I've worked in shops. I've bagged doughnuts, stacked shelves and been sacked from a Saturday job in a boutique. What did I learn from this experience? That I'm good at mental arithmetic and hopeless at persuading women to buy clothes that don't suit them. Oh, and that the boredom would have been intolerable without a pay packet at the end of the week.
Years after I'd given up shop work, a legal minimum wage seemed one of the flagship achievements of Tony Blair's government. I felt like flipping two fingers at bosses who whined that they couldn't afford it, as though labour costs came bottom of their priorities.
Then David Cameron's government offered businesses a legal means of getting round the minimum wage. Dozens of high-street names signed up to provide a "work experience" scheme lasting up to eight weeks; they'd have thousands of young unemployed people providing free labour in their stores while the state paid them £53.45 a week in jobseekers' allowance. No one seemed to mind that taxpayers were subsiding profitable companies such as Tesco – pre-tax profit £1.9bn in the six months to August last year – and T K Maxx.
Until a nationwide campaign against "workfare" took off, participating companies were getting up to 30 hours' unpaid work from each individual who took part in the scheme – a weekly saving of more than £180 if they took on an unemployed 21-year-old. Anyone who left after a week risked losing benefits, undermining the Government's claim that the scheme was entirely voluntary. Now, following a blizzard of bad publicity, T K Maxx, Argos, Superdrug, and now Burger King have withdrawn from the scheme. Several charities have suspended their involvement, and Tesco has offered to pay anyone taking part.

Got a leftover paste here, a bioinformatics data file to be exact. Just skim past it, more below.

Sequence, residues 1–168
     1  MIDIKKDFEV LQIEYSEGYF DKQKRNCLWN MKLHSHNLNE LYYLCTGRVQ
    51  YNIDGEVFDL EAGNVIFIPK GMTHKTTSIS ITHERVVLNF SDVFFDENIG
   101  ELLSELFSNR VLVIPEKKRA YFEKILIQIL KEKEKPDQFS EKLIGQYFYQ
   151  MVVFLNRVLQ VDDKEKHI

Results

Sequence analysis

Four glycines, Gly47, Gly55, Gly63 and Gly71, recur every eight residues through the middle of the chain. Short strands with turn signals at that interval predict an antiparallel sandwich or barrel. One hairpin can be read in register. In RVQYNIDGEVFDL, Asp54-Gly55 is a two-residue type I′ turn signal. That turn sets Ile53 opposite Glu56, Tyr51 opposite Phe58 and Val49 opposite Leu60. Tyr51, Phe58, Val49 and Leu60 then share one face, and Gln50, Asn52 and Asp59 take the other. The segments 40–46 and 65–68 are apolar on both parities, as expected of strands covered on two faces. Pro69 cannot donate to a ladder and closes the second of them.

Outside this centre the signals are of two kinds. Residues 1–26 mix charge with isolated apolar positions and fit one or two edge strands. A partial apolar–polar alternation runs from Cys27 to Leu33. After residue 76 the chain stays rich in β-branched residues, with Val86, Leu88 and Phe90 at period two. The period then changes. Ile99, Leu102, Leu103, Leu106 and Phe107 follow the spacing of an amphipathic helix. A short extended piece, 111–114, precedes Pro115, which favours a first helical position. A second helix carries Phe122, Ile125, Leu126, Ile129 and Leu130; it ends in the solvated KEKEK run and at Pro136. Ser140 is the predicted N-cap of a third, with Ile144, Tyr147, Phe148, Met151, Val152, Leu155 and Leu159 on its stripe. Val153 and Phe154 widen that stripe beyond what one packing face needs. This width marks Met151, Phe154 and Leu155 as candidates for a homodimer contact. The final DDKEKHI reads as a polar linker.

The Prime Minister is furious. Last week, he attacked "dangerous" anti-business hysteria and claims about "slave labour", bringing along the Prince of Wales as a fine example of someone on a work experience scheme. Social commentators joined in, accusing opponents of being snobs who find the whole idea of working in a shop demeaning.
It's hard to think of a more bone-headed accusation. It should be levelled at the companies that offer these "jobs", preferring to have their shelves stacked and floors swept by people they're too mean to pay. What dignity can there be in work when the business offering it values it so little? And then there's the knock-on effect: why would a high-street store pay the minimum wage when the company next door is getting free labour, thanks to the Government?
We're seeing a return to the notion of the "deserving poor", those who have to demonstrate that they're worthy of support through displays of meekness and deference. It's an ideology that gets Tory MPs swooning, even though there's little evidence that such schemes work. Cameron told MPs last week that around half the people on work experience are "actually getting work" at the end of it, but the organisation Full Fact looked at the Government's figures and concluded that there did not seem to be an "adequate basis"for the claim.
The Prime Minister may be getting carried away by his own rhetoric, announcing last week that business is "the most powerful force for social progress the world has ever known". There speaks a man who's never worked an eight-hour shift behind the counter in a cake shop.